The University of California at Berkeley recently announced a financial restructuring due to mounting structural deficits, including a US$150 million shortfall in the current budget year. All areas of university’s operations – academic, administrative and athletic – will likely face spending cuts.
Higher education experts have begun to ask if Berkeley can stay Berkeley. From my perspective as a higher education researcher, the question is not just about the future of Berkeley, but about the financial constraints being faced by America’s public university sector.
Berkeley is America’s preeminent public research university. And its budget woes reflect the long-term challenges facing leading public institutions. Over the past few decades, most public research universities have struggled to keep up.
Analysis from the Delta Cost Project, which provides policy-relevent higher education research, shows that between 2003 and 2013, state support for public research universities declined by 28 percent on a per-student basis.
This loss of state funding is a major source of strain for public universities. But my research shows how leading private research universities gain an advantage in many other ways as well.
Let’s first look at the institutional wealth divide between public and private research universities.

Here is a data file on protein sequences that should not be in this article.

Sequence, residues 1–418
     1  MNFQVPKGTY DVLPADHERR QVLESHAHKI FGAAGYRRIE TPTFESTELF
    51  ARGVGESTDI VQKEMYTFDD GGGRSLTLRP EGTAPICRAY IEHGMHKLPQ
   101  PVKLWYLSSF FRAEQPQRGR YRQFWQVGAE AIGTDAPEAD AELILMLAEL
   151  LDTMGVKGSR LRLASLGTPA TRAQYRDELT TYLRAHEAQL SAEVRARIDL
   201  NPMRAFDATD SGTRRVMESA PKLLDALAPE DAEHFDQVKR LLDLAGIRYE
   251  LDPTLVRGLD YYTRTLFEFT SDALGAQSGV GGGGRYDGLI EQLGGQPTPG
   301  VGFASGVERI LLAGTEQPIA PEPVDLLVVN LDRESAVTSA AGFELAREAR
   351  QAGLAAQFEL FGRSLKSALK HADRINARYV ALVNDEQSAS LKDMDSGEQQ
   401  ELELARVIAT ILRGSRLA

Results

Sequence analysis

The Association of American Universities (AAU) represents the nation’s top 34 public and 26 private research universities. In 2013 the average market value of endowments held by private AAU universities was $7.1 billion, whereas the average endowment value held by public AAU universities was $2.6 billion.
Why do private research universities have much larger endowments?
Private universities have a longer history of cultivating private donors. Some of the earliest examples of philanthropic giving in the United States include gifts to Harvard University in the mid-17th century. A number of private universities, such as Carnegie Mellon University, were later established by philanthropic giving.
However, my research shows that since the 1970s, top private universities have also taken advantage of changes to the rules that govern financial management for nonprofit organizations. These changes have permitted the wealthiest institutions to invest aggressively and use the majority of capital gains to further grow their endowments.
In addition, there are differences in the way research funds are allocated.
About 60 percent of academic research is supported by grants from the federal government. Data from the National Science Foundation show the AAU’s private universities in 2013 received an average of $423.7 million in federal research support per university. This compared to an average of $363.4 million per institution among AAU public universities.
Public research universities receive fewer grants because of the way scientific research is funded. Grants are typically awarded to individual professors rather than to universities directly.
Professor salaries are significantly higher at private universities. As a result, many professors who are successful at winning coveted research grants choose to work at private universities.